The world can start to think East with West. Democrats with Republicans. This army with that army. Our nation with your nation. Only then can the world move on and alleviate its pains. East with West combat terrorism. Democrats with Republicans supported a region hit by disaster. This army with that army shared a meal. Our nation with your nation exchanged ideas to cure cancer.
Two sides can disagree without hating each other. Two sides can behave in different ways without one being good and the other bad. It takes a special person to think this way.
One special person was indeed Sun Tzu. Even in the harsh reality during the Late Spring and Autumn Period when nations attacked others with regularity and seemingly with little more reason than to secure some small advantage, Sun Tzu still had the good sense to advise releasing a retreating enemy and treating well a captured enemy.
The reason behind his advice is clear: anger turns to happiness again, but lives lost cannot be brought back to life. Like fire, anger that is uncontrolled and not stamped out will grow until it is out of control. It will use as fuel anything that is closest to it until there is no more fuel.
So when Sun Tzu listed wisdom, trustworthiness, benevolence, courage, and discipline as desired attributes of a leader, he wasn't kidding. Let's review the five attributes:
Wisdom to view the world as it is, but also having the experience and knowledge of how it works, how to navigate it, and then producing a desired result from it.
Trustworthiness to ensure cohesion and unity among people. This isn't some rah rah speech that would be given from time to time but consistent action to show that the leader cares about people and that his or her decisions have been proven to be generally sound in the past. When someone is right most of the time, people tend to rely on him or her and would tend to follow him or her.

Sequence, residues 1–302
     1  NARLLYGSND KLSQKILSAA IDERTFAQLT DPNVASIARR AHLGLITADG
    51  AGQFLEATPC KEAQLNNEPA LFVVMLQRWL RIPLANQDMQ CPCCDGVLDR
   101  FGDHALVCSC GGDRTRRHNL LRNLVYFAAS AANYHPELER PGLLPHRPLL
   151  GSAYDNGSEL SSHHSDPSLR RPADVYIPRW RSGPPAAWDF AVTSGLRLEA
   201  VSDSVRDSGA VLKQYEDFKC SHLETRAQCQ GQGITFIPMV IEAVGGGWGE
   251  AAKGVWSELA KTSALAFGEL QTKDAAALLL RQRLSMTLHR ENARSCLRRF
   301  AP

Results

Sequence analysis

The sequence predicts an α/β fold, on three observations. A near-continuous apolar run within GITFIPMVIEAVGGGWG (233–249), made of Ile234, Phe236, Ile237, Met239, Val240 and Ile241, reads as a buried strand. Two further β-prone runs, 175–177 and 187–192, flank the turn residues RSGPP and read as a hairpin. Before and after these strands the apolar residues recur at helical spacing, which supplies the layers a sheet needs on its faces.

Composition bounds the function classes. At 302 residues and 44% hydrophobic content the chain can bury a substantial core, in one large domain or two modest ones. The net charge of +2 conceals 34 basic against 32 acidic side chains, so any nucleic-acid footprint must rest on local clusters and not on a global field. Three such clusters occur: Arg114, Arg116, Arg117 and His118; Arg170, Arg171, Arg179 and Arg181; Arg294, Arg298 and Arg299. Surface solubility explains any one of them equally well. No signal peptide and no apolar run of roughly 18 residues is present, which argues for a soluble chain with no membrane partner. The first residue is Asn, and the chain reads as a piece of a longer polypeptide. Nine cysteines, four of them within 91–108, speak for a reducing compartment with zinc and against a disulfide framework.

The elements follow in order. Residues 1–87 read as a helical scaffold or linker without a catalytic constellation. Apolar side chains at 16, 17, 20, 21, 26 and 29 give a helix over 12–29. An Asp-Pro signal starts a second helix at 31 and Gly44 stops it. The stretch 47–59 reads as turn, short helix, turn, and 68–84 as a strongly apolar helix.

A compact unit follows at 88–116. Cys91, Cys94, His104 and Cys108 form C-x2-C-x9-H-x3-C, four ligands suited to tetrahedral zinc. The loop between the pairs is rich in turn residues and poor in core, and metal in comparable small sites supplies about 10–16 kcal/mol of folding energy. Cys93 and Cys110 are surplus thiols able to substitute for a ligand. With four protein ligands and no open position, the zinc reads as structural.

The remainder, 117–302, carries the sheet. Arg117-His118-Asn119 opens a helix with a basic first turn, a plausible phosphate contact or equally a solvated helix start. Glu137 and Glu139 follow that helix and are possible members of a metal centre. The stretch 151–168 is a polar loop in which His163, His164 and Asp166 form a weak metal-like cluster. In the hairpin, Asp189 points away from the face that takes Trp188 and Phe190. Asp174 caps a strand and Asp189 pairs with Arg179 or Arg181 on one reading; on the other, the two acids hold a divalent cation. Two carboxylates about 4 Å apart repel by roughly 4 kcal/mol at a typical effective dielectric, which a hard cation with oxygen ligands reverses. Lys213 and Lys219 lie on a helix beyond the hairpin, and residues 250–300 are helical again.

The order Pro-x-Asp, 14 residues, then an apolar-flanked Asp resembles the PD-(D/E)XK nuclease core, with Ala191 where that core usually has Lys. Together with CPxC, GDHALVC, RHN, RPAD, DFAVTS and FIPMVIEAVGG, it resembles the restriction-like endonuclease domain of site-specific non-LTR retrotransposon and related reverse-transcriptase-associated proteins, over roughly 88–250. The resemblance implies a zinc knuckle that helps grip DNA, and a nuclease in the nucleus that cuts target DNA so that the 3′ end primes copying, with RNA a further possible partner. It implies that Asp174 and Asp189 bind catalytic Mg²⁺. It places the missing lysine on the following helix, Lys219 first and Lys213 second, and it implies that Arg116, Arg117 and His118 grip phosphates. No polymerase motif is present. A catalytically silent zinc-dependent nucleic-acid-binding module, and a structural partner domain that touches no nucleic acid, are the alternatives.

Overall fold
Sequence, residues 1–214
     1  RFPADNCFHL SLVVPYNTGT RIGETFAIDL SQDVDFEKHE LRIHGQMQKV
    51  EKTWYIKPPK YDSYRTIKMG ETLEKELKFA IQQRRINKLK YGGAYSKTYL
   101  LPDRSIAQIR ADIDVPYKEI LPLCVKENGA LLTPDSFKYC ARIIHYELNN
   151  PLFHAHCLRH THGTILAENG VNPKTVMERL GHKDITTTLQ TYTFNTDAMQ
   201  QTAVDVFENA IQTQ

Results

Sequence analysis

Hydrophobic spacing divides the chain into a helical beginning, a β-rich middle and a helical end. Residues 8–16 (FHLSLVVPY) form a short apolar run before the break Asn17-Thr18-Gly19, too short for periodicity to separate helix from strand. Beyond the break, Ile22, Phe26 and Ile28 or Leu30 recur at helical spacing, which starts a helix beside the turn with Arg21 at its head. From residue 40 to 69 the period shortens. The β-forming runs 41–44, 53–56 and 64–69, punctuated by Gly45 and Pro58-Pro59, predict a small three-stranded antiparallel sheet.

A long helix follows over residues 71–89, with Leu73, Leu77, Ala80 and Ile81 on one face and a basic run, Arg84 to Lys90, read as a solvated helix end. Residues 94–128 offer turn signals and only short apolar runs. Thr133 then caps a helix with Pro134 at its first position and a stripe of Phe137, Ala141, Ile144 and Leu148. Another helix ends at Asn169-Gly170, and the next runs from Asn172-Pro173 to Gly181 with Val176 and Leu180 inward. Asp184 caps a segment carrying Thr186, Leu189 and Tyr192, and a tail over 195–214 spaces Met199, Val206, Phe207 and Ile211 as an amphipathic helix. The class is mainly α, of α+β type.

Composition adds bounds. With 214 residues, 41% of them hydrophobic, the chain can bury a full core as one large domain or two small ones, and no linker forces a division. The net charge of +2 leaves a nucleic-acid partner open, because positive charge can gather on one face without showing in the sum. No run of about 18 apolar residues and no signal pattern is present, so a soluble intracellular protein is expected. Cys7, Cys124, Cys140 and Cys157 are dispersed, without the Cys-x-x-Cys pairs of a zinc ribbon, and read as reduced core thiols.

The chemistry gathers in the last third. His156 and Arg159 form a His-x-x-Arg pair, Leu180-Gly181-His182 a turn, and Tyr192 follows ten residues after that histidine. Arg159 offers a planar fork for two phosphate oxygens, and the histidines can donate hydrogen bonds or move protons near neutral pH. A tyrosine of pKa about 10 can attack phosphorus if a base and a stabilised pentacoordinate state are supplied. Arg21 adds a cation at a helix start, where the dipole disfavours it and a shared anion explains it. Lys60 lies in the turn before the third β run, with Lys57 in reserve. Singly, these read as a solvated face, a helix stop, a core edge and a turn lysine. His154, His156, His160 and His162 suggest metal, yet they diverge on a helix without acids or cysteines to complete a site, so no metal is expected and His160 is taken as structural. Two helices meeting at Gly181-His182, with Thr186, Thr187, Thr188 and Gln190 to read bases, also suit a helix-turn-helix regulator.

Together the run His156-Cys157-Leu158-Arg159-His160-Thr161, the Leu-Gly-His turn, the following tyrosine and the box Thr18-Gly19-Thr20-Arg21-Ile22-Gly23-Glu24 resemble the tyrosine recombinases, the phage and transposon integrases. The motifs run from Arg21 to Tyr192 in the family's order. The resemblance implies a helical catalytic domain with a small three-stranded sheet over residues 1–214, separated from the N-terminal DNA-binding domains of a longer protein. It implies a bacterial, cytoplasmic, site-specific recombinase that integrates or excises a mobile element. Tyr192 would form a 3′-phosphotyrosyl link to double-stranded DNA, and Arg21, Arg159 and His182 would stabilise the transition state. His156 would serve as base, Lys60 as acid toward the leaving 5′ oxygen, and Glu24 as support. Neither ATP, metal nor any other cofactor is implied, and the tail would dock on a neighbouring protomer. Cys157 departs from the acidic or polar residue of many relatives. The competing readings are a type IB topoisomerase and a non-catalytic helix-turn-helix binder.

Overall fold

Benevolence to add good to the world that might lack goodness. This sometimes requires sufficient resources. This sometimes requires an honest compliment. In either case, this benevolence moves society and makes the world a better place to live. It is worth noting that changing the world doesn't mean literally changing the world significantly as people seem to understand it to be. As the saying goes, "charity starts at home," which is to say, do your part, shaping your world of influence to make it better. If other people do the same, then in fact the world has changed noticeably for the better. This takes time and consistency.
Courage to keep on going even if the leader feels discouraged. Enough said.
Discipline to do what needs to be done but at the same time to not go overboard. The middle road is the path of discipline and one must stay on this road even when extreme and fundamentalist factions are rattling in their little cages. This ensures fairness for everyone and is the mark of a society based on measured improvement. It is a mark of a society based on mercy and kindness. Mercy and kindness seem contrary to discipline but they are related and depend on each other. Sun Tzu understood this well when he had the discipline to control his anger before ordering his troops to scale a walled city. He understood this well when he proposed a strategy of prevention instead of a show-off display of power -- even if one could display it.
Therefore, I urge more people, especially young people, to read Sun Tzu's Art of War to take a different path in life, a path of wisdom, trustworthiness, benevolence, courage, and discipline. Help me to spread the word. Thank you.